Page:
Monday, January 6, 2014

Traversing Many Miles, One Step - Or Shift - At A Time

As published in The County Times ( in June 2010

By Ronald N. Guy Jr.

A week into the hockey offseason and with an always-crowded sports calendar, the afterglow of the Chicago Blackhawks’ recent victory in the Stanley Cup Finals has noticeably dimmed.  Still, while the topic is past peak, the amazing spectacle that is the Stanley Cup Playoffs makes it well worth additional consumption (or so I hope).  Conventional wisdom tells us that among the major sports championships, the Stanley Cup is the hardest to capture.  Given the length of hockey’s regular season (82 games over 6+ months) and Playoffs (four rounds), the physical nature of the game and the fickle bounces of the puck that often determine victory or defeat (are you feeling me Caps fans?), it’s hard to argue this point.  Like no other sport, hockey demands its champions possess an odd mix of hockey skill, raw athleticism, finesse and controlled violence.  This year, no team displayed those attributes better than Chicago.  With all due respect to the Blackhawks though, the lasting impact of the Cup Playoffs transcends the individual teams and ultimate champion; the Cup Playoffs always carry a deeper meaning, a psychological fossil if you will, that is reinforced year after year. 

Beyond those aforementioned attributes of a Stanley Cup champion, there is one other: resolve.  The relentlessness of a NHL playoff game is unequaled in professional sports.  The pace is most assuredly quicker than baseball and is most similar to basketball.  But there’s simply no comparison between the struggle and brutality necessary to score that rare, euphoric or demoralizing goal (depending on which side you’re on) and the relative ease and frequency with which the orange ball tickles the twine.  And while football at least matches hockey from a physical perspective, there are no 2nd and 7’s from your own 30 yard line (yawn) in hockey; in hockey it feels like 3rd and goal…constantly.  Other sports are more orchestrated and teams switch from offense to defense in an orderly fashion.  Possessions are controlled by shot clocks, outs in an inning or a number of downs.  Hockey is played with no such parameters.  It is more raw and frenetic.  It is twelve players with sticks and bad intentions trapped in a walled-off field of battle (sounds like ancient Rome, doesn’t it?).  The puck changes possession often and at a moment’s notice, and with each charge up the ice there’s anticipation that your team will score or anxiety that they’ll be scored upon.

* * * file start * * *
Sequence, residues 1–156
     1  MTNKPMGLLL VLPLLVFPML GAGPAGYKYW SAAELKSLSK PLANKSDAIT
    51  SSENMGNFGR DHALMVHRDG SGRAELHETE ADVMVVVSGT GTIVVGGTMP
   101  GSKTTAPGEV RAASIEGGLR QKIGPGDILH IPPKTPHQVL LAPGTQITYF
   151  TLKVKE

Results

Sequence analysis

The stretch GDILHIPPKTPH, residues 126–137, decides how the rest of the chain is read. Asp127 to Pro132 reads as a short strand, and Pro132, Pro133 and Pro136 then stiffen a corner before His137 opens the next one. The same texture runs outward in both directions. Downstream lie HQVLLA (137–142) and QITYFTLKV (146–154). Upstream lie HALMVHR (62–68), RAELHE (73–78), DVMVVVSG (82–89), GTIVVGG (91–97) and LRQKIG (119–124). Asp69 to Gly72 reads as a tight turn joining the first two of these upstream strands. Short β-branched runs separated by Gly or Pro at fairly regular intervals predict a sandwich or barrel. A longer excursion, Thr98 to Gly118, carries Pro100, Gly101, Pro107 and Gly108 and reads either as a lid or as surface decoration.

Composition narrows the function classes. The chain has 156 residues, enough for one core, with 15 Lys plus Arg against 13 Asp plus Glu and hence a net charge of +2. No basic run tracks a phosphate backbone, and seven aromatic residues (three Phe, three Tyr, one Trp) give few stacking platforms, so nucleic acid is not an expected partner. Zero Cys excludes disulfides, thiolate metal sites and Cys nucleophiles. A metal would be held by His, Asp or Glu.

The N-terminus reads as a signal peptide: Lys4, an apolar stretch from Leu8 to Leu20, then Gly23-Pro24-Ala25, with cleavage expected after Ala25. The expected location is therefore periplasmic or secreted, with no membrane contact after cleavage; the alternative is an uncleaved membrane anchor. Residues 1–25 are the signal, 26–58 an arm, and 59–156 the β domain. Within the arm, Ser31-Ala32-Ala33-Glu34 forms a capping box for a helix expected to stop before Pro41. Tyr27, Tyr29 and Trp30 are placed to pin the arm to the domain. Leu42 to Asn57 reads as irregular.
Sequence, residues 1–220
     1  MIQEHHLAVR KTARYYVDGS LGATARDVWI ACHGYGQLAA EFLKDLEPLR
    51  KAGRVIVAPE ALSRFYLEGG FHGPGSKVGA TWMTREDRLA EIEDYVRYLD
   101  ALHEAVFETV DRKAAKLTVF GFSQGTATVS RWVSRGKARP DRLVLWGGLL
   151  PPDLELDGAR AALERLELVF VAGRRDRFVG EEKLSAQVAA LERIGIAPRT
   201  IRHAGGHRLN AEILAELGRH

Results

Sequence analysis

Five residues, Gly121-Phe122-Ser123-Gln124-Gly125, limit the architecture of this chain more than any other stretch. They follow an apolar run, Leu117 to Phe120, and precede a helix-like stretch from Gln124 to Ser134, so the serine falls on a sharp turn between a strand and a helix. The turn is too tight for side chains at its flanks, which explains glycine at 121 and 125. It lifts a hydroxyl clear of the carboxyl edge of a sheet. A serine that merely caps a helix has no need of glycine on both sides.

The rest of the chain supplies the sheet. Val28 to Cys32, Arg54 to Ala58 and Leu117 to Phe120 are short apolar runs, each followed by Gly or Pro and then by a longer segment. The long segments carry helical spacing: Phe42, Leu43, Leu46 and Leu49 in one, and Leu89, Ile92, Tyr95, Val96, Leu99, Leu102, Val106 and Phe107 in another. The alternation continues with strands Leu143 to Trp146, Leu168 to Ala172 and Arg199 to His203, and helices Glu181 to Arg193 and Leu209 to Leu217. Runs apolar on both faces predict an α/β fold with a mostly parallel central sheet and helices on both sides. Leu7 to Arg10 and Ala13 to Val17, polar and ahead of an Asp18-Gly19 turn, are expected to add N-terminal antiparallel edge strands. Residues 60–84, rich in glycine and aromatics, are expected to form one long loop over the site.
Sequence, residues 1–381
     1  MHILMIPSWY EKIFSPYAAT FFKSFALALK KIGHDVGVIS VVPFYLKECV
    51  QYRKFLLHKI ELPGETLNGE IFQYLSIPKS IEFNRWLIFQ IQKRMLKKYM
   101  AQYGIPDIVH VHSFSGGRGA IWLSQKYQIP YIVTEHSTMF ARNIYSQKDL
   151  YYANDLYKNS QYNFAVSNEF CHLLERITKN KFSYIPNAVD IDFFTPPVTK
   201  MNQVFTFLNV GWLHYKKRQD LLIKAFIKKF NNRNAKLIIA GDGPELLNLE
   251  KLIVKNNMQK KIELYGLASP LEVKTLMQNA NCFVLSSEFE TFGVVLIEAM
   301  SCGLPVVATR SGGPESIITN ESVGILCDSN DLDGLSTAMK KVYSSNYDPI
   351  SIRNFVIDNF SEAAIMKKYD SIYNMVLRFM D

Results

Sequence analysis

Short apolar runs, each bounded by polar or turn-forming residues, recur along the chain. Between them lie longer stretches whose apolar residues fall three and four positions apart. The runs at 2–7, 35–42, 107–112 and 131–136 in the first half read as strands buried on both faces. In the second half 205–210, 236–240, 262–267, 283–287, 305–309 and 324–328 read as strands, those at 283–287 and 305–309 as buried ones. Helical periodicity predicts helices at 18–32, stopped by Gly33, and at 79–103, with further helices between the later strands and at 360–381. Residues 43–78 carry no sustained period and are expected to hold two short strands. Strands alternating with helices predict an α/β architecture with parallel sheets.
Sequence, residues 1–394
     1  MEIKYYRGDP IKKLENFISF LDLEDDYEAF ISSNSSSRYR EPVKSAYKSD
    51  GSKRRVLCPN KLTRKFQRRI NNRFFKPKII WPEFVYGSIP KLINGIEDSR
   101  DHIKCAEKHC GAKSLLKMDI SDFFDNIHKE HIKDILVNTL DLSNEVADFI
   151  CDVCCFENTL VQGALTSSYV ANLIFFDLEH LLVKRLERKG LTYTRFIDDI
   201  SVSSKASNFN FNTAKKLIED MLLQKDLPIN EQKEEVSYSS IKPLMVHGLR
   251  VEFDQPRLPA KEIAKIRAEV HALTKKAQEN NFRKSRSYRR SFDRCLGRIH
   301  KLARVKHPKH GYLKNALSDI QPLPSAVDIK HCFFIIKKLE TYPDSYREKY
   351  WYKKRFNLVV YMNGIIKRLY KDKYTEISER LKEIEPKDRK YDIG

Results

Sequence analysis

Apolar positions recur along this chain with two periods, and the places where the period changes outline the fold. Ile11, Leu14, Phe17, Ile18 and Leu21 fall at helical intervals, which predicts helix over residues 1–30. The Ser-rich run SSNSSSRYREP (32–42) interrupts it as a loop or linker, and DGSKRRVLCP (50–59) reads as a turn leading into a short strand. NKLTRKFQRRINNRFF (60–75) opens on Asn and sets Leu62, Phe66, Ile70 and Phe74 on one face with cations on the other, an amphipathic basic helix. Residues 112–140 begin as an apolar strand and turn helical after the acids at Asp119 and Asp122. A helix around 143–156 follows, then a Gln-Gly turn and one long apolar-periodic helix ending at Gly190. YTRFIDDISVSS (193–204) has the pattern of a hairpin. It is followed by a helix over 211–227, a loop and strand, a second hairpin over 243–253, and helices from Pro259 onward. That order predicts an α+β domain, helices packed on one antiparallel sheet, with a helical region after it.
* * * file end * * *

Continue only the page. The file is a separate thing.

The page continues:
Every spring sixteen teams survive the regular season and embark on a quest for the Cup.  To realize the dream, the champion must traverse four 7-game series and secure sixteen wins against four different opponents.  It is a journey that, when considered in its entirety, must feel overwhelming.  The professional hockey player is wired for this stuff though and watching them dissect this sporting mission impossible never gets old.  The best do it by closing their minds to the larger context of a series, game or even period.  Instead, their focus is on individual shifts.  When you really watch the playoff combatants, they get lost in every single shift.  They jump over the boards and play with reckless abandon until they’re called off.  This is repeated, player-by-player, shift-by-shift, game after game and series after series.   In staying shortsighted, the overall challenge never becomes insurmountable.  

During a recent episode of Man vs. Wild, host Bear Grylls talked about tricking your mind into handling a long journey (for those unfamiliar with the reference, think crazy survivor-guy in extreme situations giving tips on how to stay alive).  He advised not getting consumed by what appears to be a boundless distance.  The key, he said, is to carve the ultimate end-state into manageable segments.  Focus on the hill you see on the horizon or the large tree in the distance.  Make those your immediate goals, and eventually you’ll achieve your ultimate goal.  This is good advice in a survival setting or when faced with a life challenge that’s difficult to get your mind around.  Clearly Grylls isn’t just a survivor extraordinaire, but is also a hockey fan.  

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